|Mason Raymond gets hauled down in overtime|
In Game 7 against Chicago and Game 1 against Nashville, the Canucks were the superior team and if they were able to bury their chances, they would have won by three or four goals on each night. However, after 2-1 and 1-0 victories, the Canucks failed to fire many pucks at the net in Game 2 against Nashville.
The Sedin twins appear to be out of their groove, while Kesler and Raymond have yet to light the lamp in the post-season. When the victories are rolling in, you can attribute the defensive focus of Kesler and Raymond for the goose eggs, but when the team struggles and when the Kesler line has no obvious shut down opponent, it's tough to give them a free pass.
So why has the offence dried up? Well, it could be the power play. Despite converting at a good rate, the power play simply is not getting many opportunities. After Game 2 against Nashville, the Canucks are garnering the fewest powerplays of all 16 playoff teams, and by quite a margin. Check it out:
As you can see, the Canucks have averaged almost half the power play opportunities as other teams. Is this simply based on the flow of the games, or the NHL's attempt at parity? (Notice that powerhouses Detroit, Washington and Boston complete the bottom four). In fact, the 2.7 opportunities per game is also below their regular season average.
The numbers also are not in Vancouver's favour when you take a look at the number of times shorthanded.
This one is a bit more of a mix, but you can see some oddities here as well. Tampa Bay, Detroit, Philadelphia and Vancouver have all advanced to the second round, but it's hard to attribute that to discipline. In fact, when you look at a team's number of opportunities on the power play versus the number of times short handed, the numbers do not favour the Canucks either.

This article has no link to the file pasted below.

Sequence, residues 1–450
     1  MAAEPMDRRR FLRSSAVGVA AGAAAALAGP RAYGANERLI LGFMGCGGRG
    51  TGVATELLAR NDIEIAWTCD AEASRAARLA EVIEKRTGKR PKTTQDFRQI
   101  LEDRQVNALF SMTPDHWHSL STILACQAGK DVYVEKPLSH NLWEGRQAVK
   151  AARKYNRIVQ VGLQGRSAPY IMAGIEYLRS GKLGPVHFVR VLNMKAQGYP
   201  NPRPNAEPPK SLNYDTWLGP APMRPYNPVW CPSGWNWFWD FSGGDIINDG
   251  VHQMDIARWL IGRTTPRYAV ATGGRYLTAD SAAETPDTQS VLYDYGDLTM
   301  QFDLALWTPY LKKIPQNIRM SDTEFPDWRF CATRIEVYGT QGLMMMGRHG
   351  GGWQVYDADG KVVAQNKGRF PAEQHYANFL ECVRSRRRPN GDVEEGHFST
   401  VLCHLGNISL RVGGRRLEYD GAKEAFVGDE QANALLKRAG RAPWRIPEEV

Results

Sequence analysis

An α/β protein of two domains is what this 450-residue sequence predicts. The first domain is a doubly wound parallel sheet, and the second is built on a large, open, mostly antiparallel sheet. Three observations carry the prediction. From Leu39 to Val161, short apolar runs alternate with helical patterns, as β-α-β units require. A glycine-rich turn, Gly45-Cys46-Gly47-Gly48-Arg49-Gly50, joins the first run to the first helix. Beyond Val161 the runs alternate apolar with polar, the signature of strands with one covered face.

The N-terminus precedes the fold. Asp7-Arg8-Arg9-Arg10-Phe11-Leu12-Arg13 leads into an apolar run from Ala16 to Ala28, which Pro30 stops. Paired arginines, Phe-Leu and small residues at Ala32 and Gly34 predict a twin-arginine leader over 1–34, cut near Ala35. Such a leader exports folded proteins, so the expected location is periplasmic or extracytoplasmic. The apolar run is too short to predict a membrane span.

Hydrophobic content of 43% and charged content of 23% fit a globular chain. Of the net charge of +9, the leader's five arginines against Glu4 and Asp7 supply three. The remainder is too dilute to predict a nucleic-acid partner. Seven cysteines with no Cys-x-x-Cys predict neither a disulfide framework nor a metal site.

|RK||TEAM||GP||PP 2 PK|
Here you can see once again that the Canucks are last in the league, garnering three (3) power plays for every five (5) times shorthanded. Hard to win games like that. Even harder when you surrender three power plays in overtime to the opposition and fail to draw and penalties yourself. The Canucks have actually taken as many of more penalties than their opponent in all nine post-season games thus far. Again, they have yet to enjoy more power plays than an opponent through nine games!
We can debate whether the numbers are a result of an anti-Canuck sentiment/conspiracy, or just the result of poor discipline, but either way, the Canucks' best players need to play better.
Roberto Luongo has rebounded very well and has been very solid. Ryan Kesler has been solid defensively and his line with Mason Raymond and Alex Burrows has been very creative. However, that line has been formed out of necessity because the Sedin twins have not been playing to their potential at even strength.
Some power plays may give them some confidence, but they simply have to fight through the tough checking and generate more chances if the Canucks are to succeed in Round 2. Daniel Sedin has 2 goals (one was the second goal late in a 7-2 drubbing), and Henrik Sedin has one assist in 6 games. Six games! By regular season averages, the twins would have about 5 more goals between them over that time. That might have made things a heck of a lot easier.
On the positive side, the Canucks have won two of their last three games on the back of Alex Burrows and Chris Higgins, but sooner or later the Sedin twins need to convert on their chances.
To be fair, the Canucks effort was pretty lousy tonight compared to Game 1. Pekka Rinne was also pretty ridiculous once again tonight, but the bottom line is, the Canucks have seen far too much Finnish in the Nashville net, and not enough finish of their own.
Game 3 between Nashville and Vancouver goes Tuesday.